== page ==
Why is Measure D on the June ballot? Unless you are new to town, everyone is well aware of the two-year, drawn out procedure to process the application by 33-year-old Christian Palmaz for a private heliport on his property in Coombsville.

Palmaz doesn’t like the 15-minute drive from his home to the Napa County Airport where he parks his personal copter. Regardless of the impact upon his many neighbors; four public hearings listening to his hired guns explain how his personal helicopter won’t bother anyone; and the county Planning Commission’s ultimate denial of his application, Palmaz is appealing that decision to the Board of Supervisors to be heard after the election.

Most commercial use of helicopters has been outlawed for many years now, but the loophole for personal use and abuse has been left wide open. More than 1,000 hours of county staff time have already been spent processing the Palmaz application, and yet no effort has been put forth by our Board of Supervisors to preclude a repeat of such a request by our new billionaire residents. None, nada.

Should Measure D by some chance be defeated, it will be the lead argument by Palmaz before the Board of Supervisors that “the citizens of Napa County are in favor of private heliports.”

When you receive your voter information booklet in the mail, you will be surprised to see that our own Sen. Bill Dodd is the lead opponent to Measure D. And why, you might ask? Dodd urges everyone to vote 'no' on D because it is unnecessary and is only “in search of a non-existent problem.”

Personally, I liken it to getting an immunization shot before I get a disease instead of after the disease, provided I survive the disease.

And so it comes to mind, just why would Sen. Dodd take such a position that is so contrary to the peace and quiet of our Napa Valley? It is quite obvious that the extremely wealthy carry a great deal of political clout. And once the county approves one such private heliport, our new neighbors in their $15 million homes will not be satisfied driving their cars to reach their new third home in Napa County.

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Let’s follow the money. Step back almost 10 years when then-Supervisor Bill Dodd was leading the private-public partnership for the renovation of the Justin-Siena High School athletic stadium. Supervisor Dodd was following in the footsteps of his parents who were ardent supporters of Justin-Siena, and for whom the new stadium was going to be named Dodd Stadium. While the renovation totaled $2.5 million, the only substantial contribution mentioned in the Napa Valley Register was “The Palmaz family of Napa made a $500,000 donation.”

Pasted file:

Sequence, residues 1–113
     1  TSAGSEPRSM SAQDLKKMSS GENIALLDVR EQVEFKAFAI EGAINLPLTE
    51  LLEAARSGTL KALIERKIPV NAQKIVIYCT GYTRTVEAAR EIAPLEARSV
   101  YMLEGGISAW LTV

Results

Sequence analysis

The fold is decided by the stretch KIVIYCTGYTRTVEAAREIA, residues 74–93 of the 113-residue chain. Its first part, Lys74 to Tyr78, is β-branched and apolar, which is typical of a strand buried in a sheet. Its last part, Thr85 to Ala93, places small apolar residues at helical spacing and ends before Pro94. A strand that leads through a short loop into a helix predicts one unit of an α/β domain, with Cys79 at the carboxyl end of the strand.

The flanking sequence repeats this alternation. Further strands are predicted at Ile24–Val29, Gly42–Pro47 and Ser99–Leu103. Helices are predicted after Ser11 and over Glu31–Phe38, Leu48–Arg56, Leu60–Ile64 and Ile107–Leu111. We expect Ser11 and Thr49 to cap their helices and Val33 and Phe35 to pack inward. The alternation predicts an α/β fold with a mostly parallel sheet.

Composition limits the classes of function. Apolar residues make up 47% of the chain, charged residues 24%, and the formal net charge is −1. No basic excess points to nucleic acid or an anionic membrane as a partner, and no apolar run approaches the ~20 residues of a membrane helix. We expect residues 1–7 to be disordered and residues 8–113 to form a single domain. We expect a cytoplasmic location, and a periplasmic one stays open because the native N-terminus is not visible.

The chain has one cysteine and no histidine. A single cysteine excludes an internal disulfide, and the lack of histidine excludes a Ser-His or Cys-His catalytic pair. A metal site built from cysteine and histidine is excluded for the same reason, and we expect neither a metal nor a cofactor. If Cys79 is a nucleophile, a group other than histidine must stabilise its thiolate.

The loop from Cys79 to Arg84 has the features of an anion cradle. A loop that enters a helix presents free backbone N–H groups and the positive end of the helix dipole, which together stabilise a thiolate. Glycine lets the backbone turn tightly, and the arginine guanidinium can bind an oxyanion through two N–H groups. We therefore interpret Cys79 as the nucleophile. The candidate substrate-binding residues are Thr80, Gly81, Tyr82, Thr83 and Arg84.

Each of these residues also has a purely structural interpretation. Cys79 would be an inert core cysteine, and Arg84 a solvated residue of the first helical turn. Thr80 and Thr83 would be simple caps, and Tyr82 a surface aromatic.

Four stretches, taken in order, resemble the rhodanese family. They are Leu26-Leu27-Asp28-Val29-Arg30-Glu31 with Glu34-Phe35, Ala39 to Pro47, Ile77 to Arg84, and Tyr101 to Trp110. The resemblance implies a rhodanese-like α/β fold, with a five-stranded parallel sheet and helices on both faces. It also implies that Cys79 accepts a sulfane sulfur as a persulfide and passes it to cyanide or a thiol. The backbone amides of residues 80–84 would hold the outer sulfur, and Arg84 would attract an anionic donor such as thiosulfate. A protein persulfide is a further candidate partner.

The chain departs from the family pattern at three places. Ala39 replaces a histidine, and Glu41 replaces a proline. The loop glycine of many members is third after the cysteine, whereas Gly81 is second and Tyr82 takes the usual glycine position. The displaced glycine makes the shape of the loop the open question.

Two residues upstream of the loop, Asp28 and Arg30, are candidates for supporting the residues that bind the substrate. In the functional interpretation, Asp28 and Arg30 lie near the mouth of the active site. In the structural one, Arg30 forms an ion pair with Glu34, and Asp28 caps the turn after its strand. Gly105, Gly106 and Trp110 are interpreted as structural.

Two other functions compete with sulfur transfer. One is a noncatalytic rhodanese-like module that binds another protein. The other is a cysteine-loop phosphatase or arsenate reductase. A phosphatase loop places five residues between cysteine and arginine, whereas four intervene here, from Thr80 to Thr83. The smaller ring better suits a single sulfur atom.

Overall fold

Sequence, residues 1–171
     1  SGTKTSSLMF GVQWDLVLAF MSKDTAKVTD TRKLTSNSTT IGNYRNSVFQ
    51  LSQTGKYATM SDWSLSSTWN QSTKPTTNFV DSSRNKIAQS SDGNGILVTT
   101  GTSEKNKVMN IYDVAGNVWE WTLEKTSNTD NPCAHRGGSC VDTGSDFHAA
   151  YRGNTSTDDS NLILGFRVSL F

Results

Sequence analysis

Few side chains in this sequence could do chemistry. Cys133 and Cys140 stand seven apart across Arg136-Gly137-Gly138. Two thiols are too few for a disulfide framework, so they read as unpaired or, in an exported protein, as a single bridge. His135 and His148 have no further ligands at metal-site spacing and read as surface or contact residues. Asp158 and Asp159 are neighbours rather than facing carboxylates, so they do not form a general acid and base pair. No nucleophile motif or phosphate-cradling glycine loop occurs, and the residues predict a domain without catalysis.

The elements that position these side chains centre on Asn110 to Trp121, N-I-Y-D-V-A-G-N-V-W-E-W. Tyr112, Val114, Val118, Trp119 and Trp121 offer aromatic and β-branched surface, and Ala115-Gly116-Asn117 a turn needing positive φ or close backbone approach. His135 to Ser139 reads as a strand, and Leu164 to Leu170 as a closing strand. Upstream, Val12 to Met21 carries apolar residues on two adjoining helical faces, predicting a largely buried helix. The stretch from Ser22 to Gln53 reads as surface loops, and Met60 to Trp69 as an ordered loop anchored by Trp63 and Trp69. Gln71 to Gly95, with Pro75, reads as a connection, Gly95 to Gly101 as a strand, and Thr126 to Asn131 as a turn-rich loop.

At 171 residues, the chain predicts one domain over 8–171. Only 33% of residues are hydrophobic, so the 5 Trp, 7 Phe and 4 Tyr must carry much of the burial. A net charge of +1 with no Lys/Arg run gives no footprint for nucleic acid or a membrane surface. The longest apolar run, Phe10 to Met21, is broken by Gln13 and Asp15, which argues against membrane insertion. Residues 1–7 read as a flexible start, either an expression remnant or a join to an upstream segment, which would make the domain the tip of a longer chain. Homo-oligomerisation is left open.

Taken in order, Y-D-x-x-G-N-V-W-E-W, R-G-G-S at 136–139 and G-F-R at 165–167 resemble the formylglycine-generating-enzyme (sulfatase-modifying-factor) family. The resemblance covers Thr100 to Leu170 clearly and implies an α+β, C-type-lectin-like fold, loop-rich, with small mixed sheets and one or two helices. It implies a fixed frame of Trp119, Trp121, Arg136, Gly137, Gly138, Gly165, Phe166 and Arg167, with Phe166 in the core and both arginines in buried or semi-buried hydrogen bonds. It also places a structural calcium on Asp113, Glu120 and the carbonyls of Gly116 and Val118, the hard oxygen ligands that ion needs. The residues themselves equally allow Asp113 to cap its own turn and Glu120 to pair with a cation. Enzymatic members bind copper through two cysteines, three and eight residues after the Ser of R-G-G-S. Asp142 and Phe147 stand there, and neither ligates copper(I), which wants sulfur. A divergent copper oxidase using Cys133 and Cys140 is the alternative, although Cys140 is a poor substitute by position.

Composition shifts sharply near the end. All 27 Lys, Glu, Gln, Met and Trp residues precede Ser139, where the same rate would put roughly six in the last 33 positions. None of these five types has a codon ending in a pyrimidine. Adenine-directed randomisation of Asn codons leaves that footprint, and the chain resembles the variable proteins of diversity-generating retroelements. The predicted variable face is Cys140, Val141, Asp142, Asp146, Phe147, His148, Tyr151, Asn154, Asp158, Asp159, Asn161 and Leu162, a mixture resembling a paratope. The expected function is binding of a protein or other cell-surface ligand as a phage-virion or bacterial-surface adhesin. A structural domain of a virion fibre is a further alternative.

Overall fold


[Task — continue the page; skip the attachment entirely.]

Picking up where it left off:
According to the April 28 Napa Valley Register, the No on D campaign has received $11,000 in donations, $10,000 of which is from Christian Palmaz. I don’t know about you, but somehow the definition of “coincidence” doesn’t fit here.

Ten years ago, Palmaz donates half a million dollars to a campaign for naming the stadium after the Dodd family, and today we have Sen. Dodd carrying the ball for the No on D campaign with possible benefit to Palmaz.

Please join me and everyone else in voting 'yes' on D. Enough is enough.

Norm Manzer

St. Helena

Editor's note: The Register asked Sen. Dodd about the issues raised in the letter and he sent the following response: "In nearly 20 years of public service I've demonstrated my independence. In fact, I voted to levy the largest fine for a code violation in Napa's history to that point, $750,000, against Palmaz. The Board of Supervisors has the power to protect residents without risking the ambiguities and legal liabilities that the county's impartial 9111 report found with Measure D.  In the last 50 years, there have been 3 applications for a heliport: one was denied, one was withdrawn, and one was just denied by the Planning Commission and now awaiting an appeal to the Board. As a steward of the taxpayers money, the liability risk significantly outweighs any perceived benefit."

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